Keep on improving your geocomputing projects

Keep on improving your geocomputing projects

Revisiting old projects is an essential part of how I approach scientific computing. It is a practical way to cement new coding practices or take advantage of insights acquired, for example, after completing courses or through independent study. Additionally, changes in the focus of the work encourages me to revisit a project.

In this chapter, I will go over my favorite example. This project is an anomaly for me as it is the one I worked on for the longest time, but never published or shared anything about it. Below is a detailed account of how it evolved:

Pre-2010. In this very early stage, my goal was to apply concepts from mathematical morphology to the design of frequency filters for periodic noise such as seismic acquisition footprint. I also wanted to learn how to use the MATLAB signal and image processing toolboxes inside out. I used a few images with moiré patterns, and natural images to which I added noise. I had to figure out how to create 2D periodic noise with sine waves, combine it with an image, either in the spatial or the frequency domain, and learn the ins and outs of 2D FFT. Moreover, I had to come up with a robust method for filtering out the noise frequencies that could also work in a semi-automatic to fully automatic way under the best conditions.

2010 to 2011. After the initial efforts, my primary goal became the definition and quantification of filtering success. I started using a CT scan of King Tut’s skull (source). I chose a CT scan because the advantage of working with medical images, contrary to images of the subsurface, is that the noise-free ground truth is always known. Therefore, it is possible to characterize how well a filter has performed without using the noise-free input as baseline. As a qualitative and subjective success measure, I used the continuity and interpretability of Canny and Sobel edge detection on the filtered image vs the original with periodic noise. This process is similar to looking at continuity of automatically picked faults on a discontinuity time slice. As a quantitative, but still somewhat subjective measure (dependent on the user experience), I considered whether any signal (bone-looking or geology-looking features) appeared in the difference between noisy input and filtered image. Finally, as a quantitative and objective (and much harder) measure, I thought one could use (not implemented yet) a comparison between the autocorrelation of the noise (which would have to be modelled) and the autocorrelation of the difference (there is a discussion about this in the comment section of Cris Luengo’s blog post: Evaluating noise filters.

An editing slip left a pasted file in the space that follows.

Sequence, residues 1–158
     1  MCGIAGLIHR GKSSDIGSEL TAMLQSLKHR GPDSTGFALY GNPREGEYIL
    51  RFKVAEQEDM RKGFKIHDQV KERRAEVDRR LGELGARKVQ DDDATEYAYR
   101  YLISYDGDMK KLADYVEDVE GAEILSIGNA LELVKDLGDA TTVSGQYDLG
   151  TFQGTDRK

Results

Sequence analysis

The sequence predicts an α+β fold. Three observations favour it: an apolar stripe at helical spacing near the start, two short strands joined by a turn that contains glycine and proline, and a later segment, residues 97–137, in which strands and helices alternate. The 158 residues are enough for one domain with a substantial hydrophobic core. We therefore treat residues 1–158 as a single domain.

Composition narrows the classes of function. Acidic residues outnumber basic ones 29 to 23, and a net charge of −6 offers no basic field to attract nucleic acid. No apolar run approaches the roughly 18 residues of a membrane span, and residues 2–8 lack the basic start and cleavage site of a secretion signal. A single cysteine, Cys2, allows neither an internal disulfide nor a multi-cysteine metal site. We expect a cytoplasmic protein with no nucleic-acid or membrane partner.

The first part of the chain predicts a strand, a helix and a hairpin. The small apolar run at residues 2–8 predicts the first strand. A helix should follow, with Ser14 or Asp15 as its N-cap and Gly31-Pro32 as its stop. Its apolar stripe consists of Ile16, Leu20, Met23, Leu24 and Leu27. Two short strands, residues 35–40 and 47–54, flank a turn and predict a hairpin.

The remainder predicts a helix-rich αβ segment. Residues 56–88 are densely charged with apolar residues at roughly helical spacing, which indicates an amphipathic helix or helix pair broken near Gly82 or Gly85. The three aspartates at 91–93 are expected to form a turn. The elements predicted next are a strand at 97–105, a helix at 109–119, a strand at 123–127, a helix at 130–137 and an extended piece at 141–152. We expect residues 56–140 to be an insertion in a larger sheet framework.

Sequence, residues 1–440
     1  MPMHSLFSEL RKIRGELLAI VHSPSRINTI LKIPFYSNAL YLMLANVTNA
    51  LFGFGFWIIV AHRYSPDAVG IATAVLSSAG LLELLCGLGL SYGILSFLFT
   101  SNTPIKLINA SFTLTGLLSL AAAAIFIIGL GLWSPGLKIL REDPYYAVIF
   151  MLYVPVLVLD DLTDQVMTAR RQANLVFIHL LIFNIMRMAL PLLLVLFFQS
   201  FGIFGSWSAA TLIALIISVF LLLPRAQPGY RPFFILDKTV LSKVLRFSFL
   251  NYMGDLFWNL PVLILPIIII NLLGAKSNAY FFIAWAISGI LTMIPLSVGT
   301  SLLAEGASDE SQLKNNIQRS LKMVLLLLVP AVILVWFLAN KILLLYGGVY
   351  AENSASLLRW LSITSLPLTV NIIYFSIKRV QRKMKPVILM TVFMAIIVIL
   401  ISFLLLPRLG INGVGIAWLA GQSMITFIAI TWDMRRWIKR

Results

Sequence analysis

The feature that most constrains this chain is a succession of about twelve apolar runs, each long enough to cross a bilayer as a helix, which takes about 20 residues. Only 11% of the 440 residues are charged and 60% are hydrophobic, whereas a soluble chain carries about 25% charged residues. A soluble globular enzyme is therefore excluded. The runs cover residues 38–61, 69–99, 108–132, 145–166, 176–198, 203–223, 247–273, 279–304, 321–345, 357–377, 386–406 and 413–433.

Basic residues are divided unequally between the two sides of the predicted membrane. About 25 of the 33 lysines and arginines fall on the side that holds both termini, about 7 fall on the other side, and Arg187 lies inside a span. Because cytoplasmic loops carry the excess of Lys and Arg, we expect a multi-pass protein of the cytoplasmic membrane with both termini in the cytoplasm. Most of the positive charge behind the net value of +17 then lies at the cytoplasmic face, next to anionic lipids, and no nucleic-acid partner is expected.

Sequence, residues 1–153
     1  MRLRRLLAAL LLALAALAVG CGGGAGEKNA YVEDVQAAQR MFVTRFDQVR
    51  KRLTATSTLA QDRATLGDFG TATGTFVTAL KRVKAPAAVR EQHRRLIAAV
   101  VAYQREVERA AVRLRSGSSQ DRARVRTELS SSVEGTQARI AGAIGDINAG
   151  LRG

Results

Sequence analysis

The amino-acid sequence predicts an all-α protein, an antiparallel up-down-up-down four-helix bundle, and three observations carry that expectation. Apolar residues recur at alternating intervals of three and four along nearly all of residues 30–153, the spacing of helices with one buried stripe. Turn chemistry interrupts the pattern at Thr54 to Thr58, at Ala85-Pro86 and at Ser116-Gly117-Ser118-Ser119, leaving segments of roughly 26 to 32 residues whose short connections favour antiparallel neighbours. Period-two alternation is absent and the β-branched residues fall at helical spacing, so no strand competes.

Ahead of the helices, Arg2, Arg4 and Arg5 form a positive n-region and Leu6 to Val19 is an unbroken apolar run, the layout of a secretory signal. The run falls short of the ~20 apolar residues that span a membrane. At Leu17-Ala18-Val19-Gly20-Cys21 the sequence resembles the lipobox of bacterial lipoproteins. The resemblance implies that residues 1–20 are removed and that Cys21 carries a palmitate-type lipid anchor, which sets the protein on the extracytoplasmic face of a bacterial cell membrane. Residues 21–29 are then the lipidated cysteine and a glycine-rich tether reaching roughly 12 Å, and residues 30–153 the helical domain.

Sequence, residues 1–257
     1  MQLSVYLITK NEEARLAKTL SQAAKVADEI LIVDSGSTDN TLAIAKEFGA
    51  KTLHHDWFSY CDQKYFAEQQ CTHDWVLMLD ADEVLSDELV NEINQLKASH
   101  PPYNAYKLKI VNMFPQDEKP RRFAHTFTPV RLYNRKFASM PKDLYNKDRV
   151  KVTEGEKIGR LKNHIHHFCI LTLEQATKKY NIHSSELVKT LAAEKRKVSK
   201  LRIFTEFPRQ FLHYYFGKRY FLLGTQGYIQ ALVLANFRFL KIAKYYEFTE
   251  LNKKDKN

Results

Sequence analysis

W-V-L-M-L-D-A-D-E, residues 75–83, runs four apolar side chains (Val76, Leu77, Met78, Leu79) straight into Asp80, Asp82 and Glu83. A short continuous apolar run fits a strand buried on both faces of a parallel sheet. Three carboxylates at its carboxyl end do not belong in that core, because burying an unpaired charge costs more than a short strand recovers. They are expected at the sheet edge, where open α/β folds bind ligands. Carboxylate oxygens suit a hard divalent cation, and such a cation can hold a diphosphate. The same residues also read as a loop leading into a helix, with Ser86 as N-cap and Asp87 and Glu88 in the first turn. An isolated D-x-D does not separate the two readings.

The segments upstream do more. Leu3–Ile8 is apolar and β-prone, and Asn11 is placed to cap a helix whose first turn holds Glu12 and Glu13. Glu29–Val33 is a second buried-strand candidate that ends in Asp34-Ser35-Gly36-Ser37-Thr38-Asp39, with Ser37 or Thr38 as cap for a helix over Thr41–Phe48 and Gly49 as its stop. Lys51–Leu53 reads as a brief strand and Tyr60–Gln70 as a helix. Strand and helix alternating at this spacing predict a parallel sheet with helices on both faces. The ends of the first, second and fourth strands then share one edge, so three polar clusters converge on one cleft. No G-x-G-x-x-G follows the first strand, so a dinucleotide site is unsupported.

2011 to 2012. By early 2012, I had been invited to Stavanger, Norway, as part of a job application with DONG Energy, requiring me to make a project presentation to show during the interview. The work described in the previous section was the key reason for choosing this project, and I turned the presentation into a simulation of my approach to evaluating a new technology. Even without prior offshore experience, I aced the interview and ultimately landed the job. It is difficult to say how much the project presentation contributed to my success but it definitely played a key role. I think this is an excellent example of how iterative improvement and continuous learning can be a great strategy for staying relevant and employable.

2014 to 2018. The minute I started moving away from MATLAB to embrace Python, I knew this was going to be a good practice playground. I started right away porting all code to Python (using numpy, scipy, scikit-image, and astropy). After a deeper dive into forensics and computer vision, I was also keen on developing a more mature image processing workflow. Along the way, I occasionally posted updates (2014 and 2017) and I was often side-tracked (e.g.: wrote two tutorials for The Leading Edge, did CV work for a colormap talk with Matt Hall, participated in the SEG ML contest, wrote a tutorial on SVM for the CESG Recorder) but never uploaded code to GitHub. However, I would always go back to the project and, eventually, I succeeded (continue reading).

2018 to 2020. I continued the work though more examples and I finally managed to get a good amount of coherent material together, which I am now happy to share as a tutorial []. I also invited Elwyn Galloway to collaborate, with the idea of putting together a production workflow: faster computations [scipy_gaussian_kernel.ipynb and speed_up_convoluton.ipynb], working with noisier, more challenging data and 3D seismic , interactivity with Jupyter widgets1, stacking of time slices1.

2021 and beyond. This was one of the projects at the TRANSFORM 2021 Hackathon project (discussion here); **MORE DETAILS COMING SOON**.